The Subarctic people occupied a majority of Canada from the Yukon to Newfoundland, including parts of seven provinces and two territories. The Environment 5 million km2 of northern or boreal coniferous forest that extended from the arctic tundra to the mountains, plains or deciduous forest in the south and across North America from Labrador nearly to the Bering Sea.
Sun, 24 Sep Uncovering the secrets of Dene migration Archaeology shows Northern Indigenous people travelled and traded widely Raymond Yakeleya, a Dene filmmaker originally from Tulita, N. Part of the focus of the conference was on the people defined by the Dene family of languages and their movements across North America.
His work - as well as the work of his students and colleagues - is central to modern understanding of Dene history. So there's this very strong suspicion that there is this historical connection that goes back deep, deep in time. Todd Kristensen is a Ph. He said the discovery across a large region of tools made from Tertiary Hills Clinker stone challenges any notion that pre-contact Northerners lived in isolated pockets.
Part of Kristensen's current work is to track the spread of raw materials, and the stone tools made from those materials, across North America.
The circulation of those tools can provide clues to the origins and movement of Northern Dene. Clinker, a kind of glassy stone, is found in a deposit near modern day Tulita, and has been found distributed across more than one million square kilometres of land in the Northwest Territories and Alberta.
Some people think they moved in around 3, years ago, some think they have a much deeper history, [and] some think they have a more recent one. Valued for its beauty and tool making attributes, Kristensen said tools made of Clinker have been found at sites across the Northwest Territories, central Alberta and into the Yukon.
This spread of Clinker supports the idea of long distance "intergroup contacts" between Indigenous populations in Alberta and the Mackenzie Valley, and could provide insight into the migration of Dene people southward into Alberta and the American Southwest.
Kristensen said this challenges any notion that pre-contact Northerners lived in isolated pockets, but instead traveled widely and had extensive social networks that covered "swathes" of the continent.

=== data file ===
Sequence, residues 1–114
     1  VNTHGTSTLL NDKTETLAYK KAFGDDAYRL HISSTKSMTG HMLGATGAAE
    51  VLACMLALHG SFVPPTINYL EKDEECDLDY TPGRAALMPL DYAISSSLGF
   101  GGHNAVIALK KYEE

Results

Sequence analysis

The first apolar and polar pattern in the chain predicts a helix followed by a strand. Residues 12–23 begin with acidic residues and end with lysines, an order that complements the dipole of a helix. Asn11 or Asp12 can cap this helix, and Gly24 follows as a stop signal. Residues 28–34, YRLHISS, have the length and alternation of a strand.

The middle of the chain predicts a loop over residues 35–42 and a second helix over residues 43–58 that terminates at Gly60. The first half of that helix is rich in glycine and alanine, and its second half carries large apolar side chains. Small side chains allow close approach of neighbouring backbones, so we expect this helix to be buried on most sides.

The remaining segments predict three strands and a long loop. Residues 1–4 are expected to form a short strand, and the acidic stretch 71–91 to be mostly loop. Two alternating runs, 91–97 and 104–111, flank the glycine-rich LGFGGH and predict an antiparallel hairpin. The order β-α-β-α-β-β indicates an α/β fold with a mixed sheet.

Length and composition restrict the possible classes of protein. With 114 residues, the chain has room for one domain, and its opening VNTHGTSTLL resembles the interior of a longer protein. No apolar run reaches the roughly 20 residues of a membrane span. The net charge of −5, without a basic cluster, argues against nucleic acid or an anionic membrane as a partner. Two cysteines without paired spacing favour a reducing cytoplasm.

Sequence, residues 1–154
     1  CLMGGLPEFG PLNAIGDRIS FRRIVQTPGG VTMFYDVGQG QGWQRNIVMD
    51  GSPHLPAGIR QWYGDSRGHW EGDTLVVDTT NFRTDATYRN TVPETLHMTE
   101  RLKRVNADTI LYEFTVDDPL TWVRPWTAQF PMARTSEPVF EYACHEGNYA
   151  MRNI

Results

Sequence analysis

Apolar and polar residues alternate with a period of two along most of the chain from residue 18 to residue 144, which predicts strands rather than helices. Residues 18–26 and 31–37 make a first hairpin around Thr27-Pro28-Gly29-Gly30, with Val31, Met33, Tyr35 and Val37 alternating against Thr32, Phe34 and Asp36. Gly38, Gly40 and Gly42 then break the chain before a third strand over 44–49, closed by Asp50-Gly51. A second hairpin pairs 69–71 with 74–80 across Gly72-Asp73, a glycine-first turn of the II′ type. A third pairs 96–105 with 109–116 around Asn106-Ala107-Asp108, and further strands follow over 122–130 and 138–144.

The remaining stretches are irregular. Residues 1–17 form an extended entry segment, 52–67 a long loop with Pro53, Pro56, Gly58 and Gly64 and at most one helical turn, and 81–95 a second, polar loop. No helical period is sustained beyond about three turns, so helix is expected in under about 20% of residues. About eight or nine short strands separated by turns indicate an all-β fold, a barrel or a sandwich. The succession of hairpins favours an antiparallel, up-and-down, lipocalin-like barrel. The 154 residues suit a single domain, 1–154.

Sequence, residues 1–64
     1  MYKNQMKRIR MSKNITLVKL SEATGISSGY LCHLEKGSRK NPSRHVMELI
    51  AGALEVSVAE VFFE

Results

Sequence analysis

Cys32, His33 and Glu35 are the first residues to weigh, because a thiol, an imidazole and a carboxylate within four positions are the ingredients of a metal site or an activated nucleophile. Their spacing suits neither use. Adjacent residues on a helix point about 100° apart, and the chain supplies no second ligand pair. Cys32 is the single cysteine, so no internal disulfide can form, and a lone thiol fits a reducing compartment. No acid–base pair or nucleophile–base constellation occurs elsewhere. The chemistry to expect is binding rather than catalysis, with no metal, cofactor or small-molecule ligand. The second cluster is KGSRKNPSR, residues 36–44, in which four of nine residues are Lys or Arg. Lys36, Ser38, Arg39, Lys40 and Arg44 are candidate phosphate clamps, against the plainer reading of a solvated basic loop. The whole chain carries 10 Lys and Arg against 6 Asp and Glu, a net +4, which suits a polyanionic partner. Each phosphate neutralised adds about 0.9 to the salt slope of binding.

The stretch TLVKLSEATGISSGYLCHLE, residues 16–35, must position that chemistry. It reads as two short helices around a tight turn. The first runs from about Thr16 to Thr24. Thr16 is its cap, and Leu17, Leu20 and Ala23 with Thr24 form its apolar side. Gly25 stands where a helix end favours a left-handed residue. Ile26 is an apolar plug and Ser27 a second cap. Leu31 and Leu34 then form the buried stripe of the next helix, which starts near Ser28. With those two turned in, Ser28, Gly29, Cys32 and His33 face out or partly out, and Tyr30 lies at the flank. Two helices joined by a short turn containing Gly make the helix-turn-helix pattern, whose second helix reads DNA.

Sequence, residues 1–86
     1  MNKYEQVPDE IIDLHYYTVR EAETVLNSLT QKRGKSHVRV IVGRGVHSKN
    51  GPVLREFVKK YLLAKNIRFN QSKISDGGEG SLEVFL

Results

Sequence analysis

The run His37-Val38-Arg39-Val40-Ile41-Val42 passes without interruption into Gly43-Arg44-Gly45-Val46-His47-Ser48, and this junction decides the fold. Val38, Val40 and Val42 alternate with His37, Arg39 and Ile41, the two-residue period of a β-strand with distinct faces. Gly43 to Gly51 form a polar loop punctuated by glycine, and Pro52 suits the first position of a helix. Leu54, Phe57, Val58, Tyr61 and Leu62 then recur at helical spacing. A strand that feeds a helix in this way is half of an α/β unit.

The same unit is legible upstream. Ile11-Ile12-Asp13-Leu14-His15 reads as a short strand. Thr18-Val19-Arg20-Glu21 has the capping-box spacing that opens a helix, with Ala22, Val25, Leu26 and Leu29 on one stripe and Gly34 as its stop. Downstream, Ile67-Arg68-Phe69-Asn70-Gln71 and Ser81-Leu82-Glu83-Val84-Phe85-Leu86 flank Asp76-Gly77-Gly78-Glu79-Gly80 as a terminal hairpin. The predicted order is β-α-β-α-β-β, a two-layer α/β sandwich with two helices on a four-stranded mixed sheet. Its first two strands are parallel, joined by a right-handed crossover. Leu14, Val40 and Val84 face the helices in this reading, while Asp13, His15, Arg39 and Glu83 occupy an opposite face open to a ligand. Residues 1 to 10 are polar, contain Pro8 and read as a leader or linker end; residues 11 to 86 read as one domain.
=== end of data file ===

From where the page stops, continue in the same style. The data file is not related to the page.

Documenting the travels of pre-contact indigenous populations throughout North America is important, but researchers also want to understand what motivated them to travel in the first place. Yakeleya points to oral histories passed down through the generations that may provide clues as to why his ancestors traveled, and how the Dene came to settle in the Mackenzie Valley.
Yakeleya believes that second winter was the result of a volcanic eruption that spread a thick layer of ash so widely that it had the effect of introducing winter-like conditions where the ground was covered in ashen 'snow. Researchers say it could have spurred Dene migration southward.
Kristensen said the kind of archeological evidence needed to fully support a thesis like that hasn't been uncovered yet, but research does suggest that relatively recent volcanic eruptions did play a part in the migrations of the Dene.
I don't know if it could have spurred migrations in Alaska, but certainly people think that it did spur some migrations of people from southern Yukon and into the Northwest territories. The spread of volcanic ash would have had a devastating effect on the land and its people.
Volcanic ash is not like the ash a person might clean out of a fireplace. They're extremely sharp and they have a terrible impact on aquatic eco-systems," Ives said.
· The indigenous people of northern North America who survived the past years are in the process of recovering their own terms for themselves.
The most inclusive terms that accurately apply to them are plural words that translate loosely as “The People”.
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